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Business Management  |  7 min read

5 Tips and Tricks to Quickly Learn Payroll

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Mike Kappel

After 30 years of running my own business, I know a thing or two about payroll. So much so that I’m now the CEO of an online payroll company, Patriot Software.

I didn’t always know the intricacies of payroll. As a matter of fact, back when I was a young entrepreneur just trying to keep my head above water, I didn’t know anything about payroll. I knew I had to pay my employees, that was pretty obvious, but all the tax withholdings, deductions, and laws that governed payroll were a mystery to me.

I first learned about what goes into payroll when I handed one of my young employees a paycheck on a Friday and told him to wait until the following week to cash it. To his credit, he did wait. But during that timespan, he took his paycheck home and showed it to his dad–who just happened to work for the state of Ohio. The next Monday, that young employee came to work and said, “Uh, excuse me, Mr. Kappel, but my dad says that my paycheck should have a pay stub attached to it. He says it’s against the law not to.”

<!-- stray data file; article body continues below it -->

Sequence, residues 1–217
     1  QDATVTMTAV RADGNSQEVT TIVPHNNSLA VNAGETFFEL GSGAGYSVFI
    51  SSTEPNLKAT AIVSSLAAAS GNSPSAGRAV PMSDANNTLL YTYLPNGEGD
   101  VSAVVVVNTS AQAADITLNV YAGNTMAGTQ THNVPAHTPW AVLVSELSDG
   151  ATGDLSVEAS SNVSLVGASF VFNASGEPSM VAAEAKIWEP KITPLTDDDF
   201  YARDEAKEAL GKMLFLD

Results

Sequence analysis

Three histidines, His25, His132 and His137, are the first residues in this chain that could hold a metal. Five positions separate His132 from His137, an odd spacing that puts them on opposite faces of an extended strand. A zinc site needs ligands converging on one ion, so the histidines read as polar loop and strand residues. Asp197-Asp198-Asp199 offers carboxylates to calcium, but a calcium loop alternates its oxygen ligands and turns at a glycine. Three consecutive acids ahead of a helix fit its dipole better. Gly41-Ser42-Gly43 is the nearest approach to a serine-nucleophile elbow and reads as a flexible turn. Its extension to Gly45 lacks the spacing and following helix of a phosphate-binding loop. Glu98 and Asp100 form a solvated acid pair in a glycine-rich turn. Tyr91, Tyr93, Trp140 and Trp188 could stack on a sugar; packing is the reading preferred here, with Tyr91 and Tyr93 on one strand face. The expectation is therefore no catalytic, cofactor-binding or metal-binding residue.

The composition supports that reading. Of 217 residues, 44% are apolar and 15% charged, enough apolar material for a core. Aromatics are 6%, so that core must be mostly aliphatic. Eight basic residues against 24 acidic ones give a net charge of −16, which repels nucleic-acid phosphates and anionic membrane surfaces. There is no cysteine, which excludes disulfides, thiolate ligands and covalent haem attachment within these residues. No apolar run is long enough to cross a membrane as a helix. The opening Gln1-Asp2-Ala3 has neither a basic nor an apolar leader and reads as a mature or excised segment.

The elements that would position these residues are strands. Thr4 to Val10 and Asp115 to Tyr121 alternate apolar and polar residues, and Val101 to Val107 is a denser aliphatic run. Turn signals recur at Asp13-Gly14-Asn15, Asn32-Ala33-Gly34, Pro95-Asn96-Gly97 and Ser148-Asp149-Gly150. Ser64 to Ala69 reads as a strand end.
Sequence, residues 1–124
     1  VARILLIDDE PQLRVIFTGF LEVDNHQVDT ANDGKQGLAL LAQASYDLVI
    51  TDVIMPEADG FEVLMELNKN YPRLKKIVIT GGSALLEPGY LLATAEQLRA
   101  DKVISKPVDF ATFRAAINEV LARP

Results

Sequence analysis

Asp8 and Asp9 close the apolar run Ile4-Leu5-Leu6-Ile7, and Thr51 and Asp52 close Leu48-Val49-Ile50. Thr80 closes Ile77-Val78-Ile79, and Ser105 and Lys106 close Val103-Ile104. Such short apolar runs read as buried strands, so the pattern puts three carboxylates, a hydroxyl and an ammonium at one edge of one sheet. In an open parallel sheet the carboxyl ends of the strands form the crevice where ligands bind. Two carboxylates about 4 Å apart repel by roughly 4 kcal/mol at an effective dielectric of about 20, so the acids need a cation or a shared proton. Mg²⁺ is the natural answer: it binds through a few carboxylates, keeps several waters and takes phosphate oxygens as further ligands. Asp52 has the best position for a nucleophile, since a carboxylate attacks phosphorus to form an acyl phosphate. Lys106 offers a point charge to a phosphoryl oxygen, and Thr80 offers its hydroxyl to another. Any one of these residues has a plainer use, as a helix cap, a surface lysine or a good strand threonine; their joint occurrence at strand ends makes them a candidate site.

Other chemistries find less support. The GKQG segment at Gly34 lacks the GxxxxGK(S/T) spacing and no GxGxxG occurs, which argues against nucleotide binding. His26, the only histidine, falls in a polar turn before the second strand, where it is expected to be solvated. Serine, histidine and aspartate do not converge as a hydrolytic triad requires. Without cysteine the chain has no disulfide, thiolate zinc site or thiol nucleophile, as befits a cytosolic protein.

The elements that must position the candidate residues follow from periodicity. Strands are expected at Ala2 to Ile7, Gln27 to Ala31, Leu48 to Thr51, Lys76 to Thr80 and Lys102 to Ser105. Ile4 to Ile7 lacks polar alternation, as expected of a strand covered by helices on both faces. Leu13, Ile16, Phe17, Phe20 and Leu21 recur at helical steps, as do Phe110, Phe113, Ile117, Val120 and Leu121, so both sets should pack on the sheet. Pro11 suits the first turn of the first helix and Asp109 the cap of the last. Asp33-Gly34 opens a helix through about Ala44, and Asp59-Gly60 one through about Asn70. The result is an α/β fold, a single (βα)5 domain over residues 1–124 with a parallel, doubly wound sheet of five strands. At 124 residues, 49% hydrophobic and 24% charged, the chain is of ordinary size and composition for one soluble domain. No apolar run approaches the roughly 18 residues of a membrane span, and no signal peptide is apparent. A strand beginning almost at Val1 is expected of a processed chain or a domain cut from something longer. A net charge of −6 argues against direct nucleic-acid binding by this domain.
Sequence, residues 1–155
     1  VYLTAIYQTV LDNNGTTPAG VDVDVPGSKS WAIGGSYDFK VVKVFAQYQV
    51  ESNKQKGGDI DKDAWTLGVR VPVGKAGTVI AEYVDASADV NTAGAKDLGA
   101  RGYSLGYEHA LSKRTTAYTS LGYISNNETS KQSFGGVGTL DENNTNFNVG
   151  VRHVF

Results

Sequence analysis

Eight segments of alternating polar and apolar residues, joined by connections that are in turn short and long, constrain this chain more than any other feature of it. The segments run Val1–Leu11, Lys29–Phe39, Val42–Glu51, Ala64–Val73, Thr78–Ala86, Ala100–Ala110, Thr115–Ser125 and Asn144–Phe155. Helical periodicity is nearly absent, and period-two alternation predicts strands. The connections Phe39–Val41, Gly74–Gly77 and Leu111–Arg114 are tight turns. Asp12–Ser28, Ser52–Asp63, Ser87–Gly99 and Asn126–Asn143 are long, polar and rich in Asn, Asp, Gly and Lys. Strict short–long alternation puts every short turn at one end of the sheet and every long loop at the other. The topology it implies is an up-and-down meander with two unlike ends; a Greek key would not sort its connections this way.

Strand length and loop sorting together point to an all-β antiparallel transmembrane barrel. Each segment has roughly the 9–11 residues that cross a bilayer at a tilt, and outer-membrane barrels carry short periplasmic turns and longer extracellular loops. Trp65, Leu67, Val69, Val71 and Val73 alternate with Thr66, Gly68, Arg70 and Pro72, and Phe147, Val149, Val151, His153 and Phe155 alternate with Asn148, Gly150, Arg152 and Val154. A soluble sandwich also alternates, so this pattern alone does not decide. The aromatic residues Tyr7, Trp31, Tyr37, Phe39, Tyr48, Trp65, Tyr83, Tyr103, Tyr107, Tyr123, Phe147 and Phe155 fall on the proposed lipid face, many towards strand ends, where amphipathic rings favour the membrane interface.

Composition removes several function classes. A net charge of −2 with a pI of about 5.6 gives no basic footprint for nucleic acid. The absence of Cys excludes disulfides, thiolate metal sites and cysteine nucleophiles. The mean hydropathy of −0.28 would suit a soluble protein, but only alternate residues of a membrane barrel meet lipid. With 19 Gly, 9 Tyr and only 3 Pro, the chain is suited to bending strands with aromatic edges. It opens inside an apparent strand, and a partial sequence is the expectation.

Whoops. Not only was I not providing my employees with pay stubs, but I was breaking the law and had been for months. I had to get compliant, and fast.

Whether you’re a small business owner looking to hire your first employee, or you’ve had employees for awhile, you’re going to want to make sure you’re doing payroll correctly. Here are some steps to help get you started.

1. Consult the IRS

No, one of your employees does not have to have a father that works for the IRS for you to do this. The IRS has many articles and resources to help you understand federal payroll tax basics and record-keeping requirements for businesses with employees.